jornales

for a moment of joy or moments no one pays for, i give myself a ‘jornal’. this makes me rich. try it.

robins at Brooklyn Botanical Gardens (a haibun writes itself)

Roses losing petals, lotuses dying on their shadow, a poisonous sumac inflamed, the promised turtle missing, but the persimmon tree pregnant, the spider lily swinging; I pick anise seeds and drink on the scent, pinch tips of dew studded mint, and then stumble on frog stones their absent eyes on summer flies–the water striders have long leaped to infinity–it’s autumn at Brooklyn Botanical Gardens, and after tracing the veins of a horse I figure a ficus has turned into from a knight on a horse by a fairy enchanted by his beauty, E and I skip the desert garden breathing heat off a muggy afternoon.

We pass by the Cranford Rose Garden again where I had posed beside a bronze sculpture titled Roses of Yesterday–this wisp of a woman ripened by love and longing sluiced by it in fluid lines. On her left arm, she cradles a clock’s face Time arrested engraved in words Perennis Amour (Love Eternal); on her right as if bidden, she caresses a bunch of roses that drip as if tears from her deep sad eyes. I had posed unabashed beside her, tainting the poetic moment, which I should have sipped in secret.

No perfume quaffs through the air even as we linger to hold on to each bloom thrusting petals on us for a touch. The gray sky stands by unconcerned as we lean toward a curved path to the main gate. Silence and distant chatter drop on my steps and a stirring in the yew branch. A robin has flit from it. The meadow ends and I shake off a leaf from my shoulders to find another leaf that has hitched a ride in a fold of my hood as we boarded the No. 1 train. It must have been the closed-in faces, the inward smiles, the inner rhymes I imagined beat in time with steel grating on steel and soon the scream of brakes that bid us to pour out of the steel doors even as we tighten our grip on moments we can’t soon recall that this haiku wrote itself–not about the roses or the absent turtle but a fleeting glimpse of

robins
skittering on fallen leaves
our grip tightens

October 21, 2011 Posted by | haiku, poetry, reflection | , , , , , , | 4 Comments

Lullaby (yet another lyric poem from haiku-strays)

I wrote this poem on one of the early days when obsessed with learning haiku, the form seemed to shape my brain–wherever that part is where words run into lines. This thought, this memory sparked after I wrote a personal essay that I submitted to Passager about my grandmother’s bath-hair washing ritual (“Digos: a ritual” also posted at my other blog, http://filipineses09.wordpress.com). The rhythm apparently timed in with my measured strides during my daily walk at the Inner Harbor in Baltimore where I lived then. Water, birds: seagulls, ducks, robins, ravens, orioles, sparrows; trees: conifers, chestnuts, magnolias; weeds: dandelions, clover, jewel weeds co-inhabited the dome–a span of sky. I walked daily toward dusk, which is why perhaps this poem—or haiku that strayed—is a lullaby.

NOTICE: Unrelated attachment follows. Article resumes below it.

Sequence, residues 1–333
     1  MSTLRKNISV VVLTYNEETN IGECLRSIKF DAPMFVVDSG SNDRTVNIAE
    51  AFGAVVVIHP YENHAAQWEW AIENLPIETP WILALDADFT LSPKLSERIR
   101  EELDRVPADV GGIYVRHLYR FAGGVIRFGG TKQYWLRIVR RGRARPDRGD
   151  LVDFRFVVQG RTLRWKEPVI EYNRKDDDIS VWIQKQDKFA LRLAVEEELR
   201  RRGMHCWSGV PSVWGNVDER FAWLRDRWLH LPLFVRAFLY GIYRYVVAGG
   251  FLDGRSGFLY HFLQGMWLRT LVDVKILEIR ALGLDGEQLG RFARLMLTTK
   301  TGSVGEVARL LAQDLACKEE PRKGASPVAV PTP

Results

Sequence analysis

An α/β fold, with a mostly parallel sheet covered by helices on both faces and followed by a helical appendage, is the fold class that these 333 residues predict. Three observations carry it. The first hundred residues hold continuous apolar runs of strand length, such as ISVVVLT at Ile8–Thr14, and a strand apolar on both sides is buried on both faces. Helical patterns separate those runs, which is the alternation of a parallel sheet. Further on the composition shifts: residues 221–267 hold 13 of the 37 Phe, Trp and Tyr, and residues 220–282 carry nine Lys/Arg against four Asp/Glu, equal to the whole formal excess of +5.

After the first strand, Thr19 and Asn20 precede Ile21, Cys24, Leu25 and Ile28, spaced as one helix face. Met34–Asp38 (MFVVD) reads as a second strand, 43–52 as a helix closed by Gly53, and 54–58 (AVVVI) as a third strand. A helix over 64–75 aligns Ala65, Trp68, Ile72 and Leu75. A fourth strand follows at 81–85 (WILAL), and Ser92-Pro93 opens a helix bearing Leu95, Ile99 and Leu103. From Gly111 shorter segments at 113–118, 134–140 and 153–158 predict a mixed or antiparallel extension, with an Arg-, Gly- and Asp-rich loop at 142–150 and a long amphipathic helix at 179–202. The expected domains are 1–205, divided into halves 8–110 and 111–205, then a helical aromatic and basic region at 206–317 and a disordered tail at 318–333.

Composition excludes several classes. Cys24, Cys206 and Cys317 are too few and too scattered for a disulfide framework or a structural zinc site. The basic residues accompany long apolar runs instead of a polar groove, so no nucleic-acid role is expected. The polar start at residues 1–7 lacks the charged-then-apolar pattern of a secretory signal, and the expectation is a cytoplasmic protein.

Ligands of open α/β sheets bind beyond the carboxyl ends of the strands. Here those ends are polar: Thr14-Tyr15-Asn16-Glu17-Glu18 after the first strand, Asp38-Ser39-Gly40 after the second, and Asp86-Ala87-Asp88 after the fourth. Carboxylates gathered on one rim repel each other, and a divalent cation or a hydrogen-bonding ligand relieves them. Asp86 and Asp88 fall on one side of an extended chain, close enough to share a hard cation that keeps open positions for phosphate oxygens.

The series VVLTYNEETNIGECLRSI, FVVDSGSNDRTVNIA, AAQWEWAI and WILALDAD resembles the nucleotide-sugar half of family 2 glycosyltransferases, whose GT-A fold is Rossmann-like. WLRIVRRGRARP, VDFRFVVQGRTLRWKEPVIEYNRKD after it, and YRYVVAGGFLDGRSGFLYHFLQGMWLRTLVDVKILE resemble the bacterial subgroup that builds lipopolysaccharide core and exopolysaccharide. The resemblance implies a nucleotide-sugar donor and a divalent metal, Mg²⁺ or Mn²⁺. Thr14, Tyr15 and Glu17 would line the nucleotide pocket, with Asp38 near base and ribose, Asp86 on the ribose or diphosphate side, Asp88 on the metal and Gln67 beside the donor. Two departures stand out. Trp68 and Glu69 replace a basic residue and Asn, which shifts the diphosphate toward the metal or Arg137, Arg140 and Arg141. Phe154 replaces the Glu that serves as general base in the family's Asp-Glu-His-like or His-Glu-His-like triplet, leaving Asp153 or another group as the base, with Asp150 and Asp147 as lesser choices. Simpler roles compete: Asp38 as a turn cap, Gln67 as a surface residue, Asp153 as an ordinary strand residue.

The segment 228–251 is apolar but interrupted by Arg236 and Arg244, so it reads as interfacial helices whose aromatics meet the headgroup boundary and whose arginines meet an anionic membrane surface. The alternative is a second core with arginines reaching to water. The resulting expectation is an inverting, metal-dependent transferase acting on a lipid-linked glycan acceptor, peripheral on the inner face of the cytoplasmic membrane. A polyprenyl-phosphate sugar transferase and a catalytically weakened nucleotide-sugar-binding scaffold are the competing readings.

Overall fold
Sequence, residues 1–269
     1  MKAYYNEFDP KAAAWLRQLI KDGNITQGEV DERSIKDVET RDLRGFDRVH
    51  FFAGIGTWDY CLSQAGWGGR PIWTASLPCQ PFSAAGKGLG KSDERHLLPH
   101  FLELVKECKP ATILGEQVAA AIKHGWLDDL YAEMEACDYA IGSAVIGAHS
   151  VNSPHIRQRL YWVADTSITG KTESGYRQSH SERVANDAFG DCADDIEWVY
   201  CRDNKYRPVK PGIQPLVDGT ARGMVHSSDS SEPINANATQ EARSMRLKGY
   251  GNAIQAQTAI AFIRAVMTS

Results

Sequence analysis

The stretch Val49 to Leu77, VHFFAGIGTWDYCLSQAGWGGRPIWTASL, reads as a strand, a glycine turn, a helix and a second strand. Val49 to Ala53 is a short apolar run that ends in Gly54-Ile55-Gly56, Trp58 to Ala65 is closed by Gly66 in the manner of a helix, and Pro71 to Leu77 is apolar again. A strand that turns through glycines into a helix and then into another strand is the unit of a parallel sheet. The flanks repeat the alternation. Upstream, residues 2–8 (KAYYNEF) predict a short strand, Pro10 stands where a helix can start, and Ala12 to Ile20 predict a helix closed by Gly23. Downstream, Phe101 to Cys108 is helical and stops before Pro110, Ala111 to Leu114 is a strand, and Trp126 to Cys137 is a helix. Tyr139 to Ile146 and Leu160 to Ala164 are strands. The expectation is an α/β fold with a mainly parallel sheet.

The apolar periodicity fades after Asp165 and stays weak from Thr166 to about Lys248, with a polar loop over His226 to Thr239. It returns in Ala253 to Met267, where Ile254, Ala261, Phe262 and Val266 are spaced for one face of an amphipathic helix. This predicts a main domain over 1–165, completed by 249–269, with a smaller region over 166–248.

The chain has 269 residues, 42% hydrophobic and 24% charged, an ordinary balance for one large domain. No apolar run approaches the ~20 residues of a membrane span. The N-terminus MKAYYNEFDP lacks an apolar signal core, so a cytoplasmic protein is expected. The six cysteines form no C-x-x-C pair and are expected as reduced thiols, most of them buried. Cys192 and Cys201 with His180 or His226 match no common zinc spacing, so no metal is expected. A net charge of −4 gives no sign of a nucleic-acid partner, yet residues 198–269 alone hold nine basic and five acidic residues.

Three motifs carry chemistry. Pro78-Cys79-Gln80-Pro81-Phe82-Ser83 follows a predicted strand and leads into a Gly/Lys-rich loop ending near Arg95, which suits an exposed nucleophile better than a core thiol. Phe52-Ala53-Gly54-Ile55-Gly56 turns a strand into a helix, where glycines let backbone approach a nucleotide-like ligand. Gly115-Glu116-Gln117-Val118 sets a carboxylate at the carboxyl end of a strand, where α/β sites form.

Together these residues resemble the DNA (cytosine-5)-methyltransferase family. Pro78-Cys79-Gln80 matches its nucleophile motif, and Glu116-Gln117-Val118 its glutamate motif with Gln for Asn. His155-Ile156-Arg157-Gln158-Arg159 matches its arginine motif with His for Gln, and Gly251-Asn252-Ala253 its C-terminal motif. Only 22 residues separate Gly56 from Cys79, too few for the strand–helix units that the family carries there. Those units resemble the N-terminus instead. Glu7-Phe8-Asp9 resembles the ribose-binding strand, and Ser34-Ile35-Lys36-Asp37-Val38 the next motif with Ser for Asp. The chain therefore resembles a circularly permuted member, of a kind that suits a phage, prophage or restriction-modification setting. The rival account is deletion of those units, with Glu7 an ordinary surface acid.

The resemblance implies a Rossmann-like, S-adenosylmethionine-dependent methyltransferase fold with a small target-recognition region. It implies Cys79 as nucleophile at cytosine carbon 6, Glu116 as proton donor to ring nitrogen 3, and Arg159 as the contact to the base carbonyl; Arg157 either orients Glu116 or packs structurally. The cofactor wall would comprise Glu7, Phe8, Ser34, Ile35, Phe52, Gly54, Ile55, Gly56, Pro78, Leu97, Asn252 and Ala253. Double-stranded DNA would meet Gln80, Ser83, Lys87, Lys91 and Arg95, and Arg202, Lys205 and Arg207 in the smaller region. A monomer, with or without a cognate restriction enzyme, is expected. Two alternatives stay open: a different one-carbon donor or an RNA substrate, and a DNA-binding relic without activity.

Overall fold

grandma on a swing
flying on a lullaby–
a smile thin as breath

combing her hair, my fingers
the teeth untangling silk knots–
her tiara

cheeks I kiss–once
a cushion of veined organza
now loose ripples

Paloma, she warbles–
a dove, my name, alights
on her lips, flapping wings

moons chasing suns
sprout wings–in the darkness
whispers grow eyes

in her flight

December 21, 2010 Posted by | free verse, lyric poetry, poetry | , , , , , , , , , , , , , , , , , , , , , , | Leave a comment

Stoned Bird (for One Shot Wednesday)

Night for us wraps the sun scruffy,
a rooster ruffled in flight, tossing
its last complaint: how long the wait
for three o’clock, the hour of
lead the hour to undo eternal
betrayal?

Unease stirs our beds made
of filaments, splinters
of our spirits borne on crumbs
we had long swallowed
then spewed out for
opaque dreams.

So unlike warblers, so
lacking their marrow-less lightness
to flitter on twigs, we toss in gales
to roost in flesh, demanding
silence as if to lure death
we must first die.

Straining to sing we cannot
either. If we were but robins, maybe
chords those daylong cries, those
dirges for absent mate, we may
un-shy declare—dark
is darker faith-less.

Who tears the pines in shreds,
pining notes so shrill these whirl
like tin stars? If we could
but like orioles blaze through our sadness
in the dark then singed, be land-
sobered but freed.

Yet, we are but ourselves un-cocked to night’s
endearments, tuned in to strident signals:
the steel-pipe whistles (if it were but Pan’s), the roar
under belly, a thud under foot then
the jingle of keys, a creak as joints
part to solitary landscapes

nightscapes where we have planted
monoliths that guiltless
we treasure priceless unlike we do our
spirit—this soundlessness in our
being, this singing bird
we have stoned.

I am posting this poem for One Shot Wednesday at the One Stop Poetry blog.
Join us – throw in your verses. Here are the rules (taken directly off their blog):
1. Write a poetic piece & post it on your blog
2. Then let us know about your post. Link back to One Shot
3. Sign up in the Mr Linky list, linking directly to your post, AFTER you’ve posted it.
4. Go visit others who have signed up! Offer support & encouragement. Share your love of words and insight respectfully. Please try to visit as many participating poets as you can. We all could use and appreciate kind feedback.

December 15, 2010 Posted by | free verse, poetry, reflection | , , , , , , , , , , , , , , , , , | 12 Comments